Naturally, most recent studies agree that our societies have radically changed, and with them the theoretical conceptions and practical implementations of citizenship. The content of this concept is expanding and growing with the diversification of modes of presence in the world and of relations with others. Allegiance and affiliation are becoming multiple and mobile. The State, particularly the Nation-State, is no longer referred to as the ultimate or most legitimate repository of power: ultimate in providing the model for co-existence in a world divided up into clearly delimited territories, and legitimate in representing the common weal of all citizens.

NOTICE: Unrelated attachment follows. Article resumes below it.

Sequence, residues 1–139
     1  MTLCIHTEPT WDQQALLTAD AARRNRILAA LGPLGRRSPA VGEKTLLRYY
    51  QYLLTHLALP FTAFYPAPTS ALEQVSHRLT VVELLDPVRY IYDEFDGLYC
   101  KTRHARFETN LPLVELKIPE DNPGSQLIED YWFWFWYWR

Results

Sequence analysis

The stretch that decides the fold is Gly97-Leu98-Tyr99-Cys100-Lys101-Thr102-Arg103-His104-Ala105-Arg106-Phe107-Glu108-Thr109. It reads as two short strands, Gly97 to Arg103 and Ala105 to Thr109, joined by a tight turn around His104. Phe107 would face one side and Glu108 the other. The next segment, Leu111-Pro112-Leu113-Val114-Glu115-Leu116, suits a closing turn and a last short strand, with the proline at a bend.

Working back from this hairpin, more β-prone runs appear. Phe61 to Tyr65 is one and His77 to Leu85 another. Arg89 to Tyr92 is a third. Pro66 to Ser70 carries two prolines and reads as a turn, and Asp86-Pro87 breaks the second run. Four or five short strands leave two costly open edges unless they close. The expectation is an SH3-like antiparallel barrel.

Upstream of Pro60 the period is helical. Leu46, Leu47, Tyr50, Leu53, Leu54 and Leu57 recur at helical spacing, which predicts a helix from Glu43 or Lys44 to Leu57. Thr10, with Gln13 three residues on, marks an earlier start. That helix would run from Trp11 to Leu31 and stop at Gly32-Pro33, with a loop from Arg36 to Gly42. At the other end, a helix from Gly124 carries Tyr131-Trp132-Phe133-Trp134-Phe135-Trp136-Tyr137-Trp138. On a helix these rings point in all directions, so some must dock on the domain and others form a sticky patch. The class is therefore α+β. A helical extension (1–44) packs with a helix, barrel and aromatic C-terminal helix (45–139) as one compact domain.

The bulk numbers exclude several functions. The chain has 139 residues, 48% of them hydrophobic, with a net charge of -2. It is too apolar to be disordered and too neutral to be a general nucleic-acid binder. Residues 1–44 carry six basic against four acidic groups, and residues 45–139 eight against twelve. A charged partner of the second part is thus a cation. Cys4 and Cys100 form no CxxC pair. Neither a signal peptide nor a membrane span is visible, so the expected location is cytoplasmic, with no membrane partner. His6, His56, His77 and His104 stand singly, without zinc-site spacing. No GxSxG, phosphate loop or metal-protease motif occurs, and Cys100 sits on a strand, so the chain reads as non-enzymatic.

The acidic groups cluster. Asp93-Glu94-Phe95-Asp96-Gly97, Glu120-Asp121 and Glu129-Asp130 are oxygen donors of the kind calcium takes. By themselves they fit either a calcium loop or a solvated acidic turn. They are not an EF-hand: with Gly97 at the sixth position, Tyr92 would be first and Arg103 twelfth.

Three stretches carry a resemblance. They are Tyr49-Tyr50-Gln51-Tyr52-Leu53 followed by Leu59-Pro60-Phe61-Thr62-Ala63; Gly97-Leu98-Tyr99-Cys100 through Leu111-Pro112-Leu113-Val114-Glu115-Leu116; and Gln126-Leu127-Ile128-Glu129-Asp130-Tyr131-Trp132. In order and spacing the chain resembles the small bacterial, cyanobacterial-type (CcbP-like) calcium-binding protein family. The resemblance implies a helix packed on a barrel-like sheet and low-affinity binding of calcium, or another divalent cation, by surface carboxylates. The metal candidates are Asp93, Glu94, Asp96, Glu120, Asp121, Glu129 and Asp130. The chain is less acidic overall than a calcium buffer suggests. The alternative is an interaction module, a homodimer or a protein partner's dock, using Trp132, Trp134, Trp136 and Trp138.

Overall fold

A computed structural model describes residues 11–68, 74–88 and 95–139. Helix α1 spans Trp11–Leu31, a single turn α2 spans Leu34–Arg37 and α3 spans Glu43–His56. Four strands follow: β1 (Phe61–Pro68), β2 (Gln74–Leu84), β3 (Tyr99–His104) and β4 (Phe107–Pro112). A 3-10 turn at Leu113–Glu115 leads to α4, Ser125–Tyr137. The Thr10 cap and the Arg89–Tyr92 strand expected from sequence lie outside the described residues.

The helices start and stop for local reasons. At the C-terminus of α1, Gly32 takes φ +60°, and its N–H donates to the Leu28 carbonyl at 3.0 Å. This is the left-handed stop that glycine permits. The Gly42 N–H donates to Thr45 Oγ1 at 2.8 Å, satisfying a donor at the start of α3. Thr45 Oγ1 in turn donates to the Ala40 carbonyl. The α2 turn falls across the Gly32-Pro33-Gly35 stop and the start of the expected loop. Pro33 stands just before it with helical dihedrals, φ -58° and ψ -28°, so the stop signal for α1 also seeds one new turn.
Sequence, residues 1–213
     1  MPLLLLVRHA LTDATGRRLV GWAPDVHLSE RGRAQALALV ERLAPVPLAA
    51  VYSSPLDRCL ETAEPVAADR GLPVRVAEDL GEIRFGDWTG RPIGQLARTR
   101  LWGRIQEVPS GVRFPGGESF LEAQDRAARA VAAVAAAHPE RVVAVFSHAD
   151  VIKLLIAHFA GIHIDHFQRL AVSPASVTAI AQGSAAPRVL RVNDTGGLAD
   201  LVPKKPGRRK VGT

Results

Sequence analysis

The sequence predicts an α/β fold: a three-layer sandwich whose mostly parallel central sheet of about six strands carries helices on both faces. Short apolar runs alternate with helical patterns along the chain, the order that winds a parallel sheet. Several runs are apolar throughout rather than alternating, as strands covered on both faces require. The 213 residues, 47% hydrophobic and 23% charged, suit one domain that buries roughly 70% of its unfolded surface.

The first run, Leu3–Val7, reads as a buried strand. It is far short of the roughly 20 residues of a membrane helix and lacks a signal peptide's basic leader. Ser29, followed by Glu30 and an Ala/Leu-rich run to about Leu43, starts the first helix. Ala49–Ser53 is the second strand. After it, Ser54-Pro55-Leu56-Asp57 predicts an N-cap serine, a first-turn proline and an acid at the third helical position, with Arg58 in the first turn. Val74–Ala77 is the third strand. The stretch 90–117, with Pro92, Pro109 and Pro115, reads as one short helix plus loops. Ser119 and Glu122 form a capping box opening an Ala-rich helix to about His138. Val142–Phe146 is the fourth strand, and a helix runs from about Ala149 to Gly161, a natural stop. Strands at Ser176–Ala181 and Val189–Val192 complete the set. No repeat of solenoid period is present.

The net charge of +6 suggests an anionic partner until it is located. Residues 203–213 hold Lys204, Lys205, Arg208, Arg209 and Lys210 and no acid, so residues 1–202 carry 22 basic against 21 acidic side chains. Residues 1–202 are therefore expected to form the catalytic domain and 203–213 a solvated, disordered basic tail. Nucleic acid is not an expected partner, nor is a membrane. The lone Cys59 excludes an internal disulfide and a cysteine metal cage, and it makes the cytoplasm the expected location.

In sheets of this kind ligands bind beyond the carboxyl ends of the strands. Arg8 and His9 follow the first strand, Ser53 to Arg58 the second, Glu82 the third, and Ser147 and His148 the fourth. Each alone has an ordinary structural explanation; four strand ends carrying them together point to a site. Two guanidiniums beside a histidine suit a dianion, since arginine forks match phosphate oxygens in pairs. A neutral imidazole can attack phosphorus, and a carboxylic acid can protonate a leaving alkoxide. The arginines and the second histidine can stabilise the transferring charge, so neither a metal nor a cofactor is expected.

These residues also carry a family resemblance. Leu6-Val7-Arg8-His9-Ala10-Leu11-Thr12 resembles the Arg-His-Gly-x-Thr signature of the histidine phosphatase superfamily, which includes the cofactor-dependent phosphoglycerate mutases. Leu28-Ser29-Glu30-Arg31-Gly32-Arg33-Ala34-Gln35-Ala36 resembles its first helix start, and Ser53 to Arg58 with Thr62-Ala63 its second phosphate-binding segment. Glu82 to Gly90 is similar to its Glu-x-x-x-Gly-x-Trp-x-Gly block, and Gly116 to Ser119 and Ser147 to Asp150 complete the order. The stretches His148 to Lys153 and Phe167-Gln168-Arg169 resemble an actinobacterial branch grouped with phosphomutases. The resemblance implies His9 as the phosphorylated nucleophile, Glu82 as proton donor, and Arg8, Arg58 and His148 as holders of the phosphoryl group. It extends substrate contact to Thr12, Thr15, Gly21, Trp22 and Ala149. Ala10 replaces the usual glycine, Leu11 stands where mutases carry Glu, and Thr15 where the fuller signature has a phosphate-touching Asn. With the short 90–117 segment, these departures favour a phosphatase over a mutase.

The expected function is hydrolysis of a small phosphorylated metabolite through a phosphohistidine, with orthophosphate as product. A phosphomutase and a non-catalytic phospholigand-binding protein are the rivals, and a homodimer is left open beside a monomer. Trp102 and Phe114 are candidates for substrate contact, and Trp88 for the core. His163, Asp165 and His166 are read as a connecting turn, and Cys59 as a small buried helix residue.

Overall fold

Reflection on the concepts of education for democratic citizenship is an integral part of the action: reflection gives meaning to the action, and vice-versa. Reflection and action do not stand in any hierarchical relationship to one another, whether through a "bias relation" or within two separate spheres. Action is always underpinned by a conception on the part of the actors, and reflection always feeds on this action and takes on meaning with reference to experience. Experience can only take on meaning with thought and the words used to express, guide and nourish this thought. The type of thought here is dialectical, even though, for reasons of editorial convenience, some texts concentrate more on experience and therefore on global existential diversity while others, like the present document, step back somewhat from concrete experience. The challenge is to weld together a myriad experiences, viewpoints and imaginations that are lived and expressed in the various cultural and social universes. This study of concepts must therefore be seen in relation firstly with the Council of Europe's reports and other publications, and secondly with the texts finalising the Education for Democratic Citizenship project. All these texts have fuelled and inspired this study. Above and beyond the wide variety of inputs we should also remember the shared references, the "inalienable bedrock" of human rights and democratic political institutions.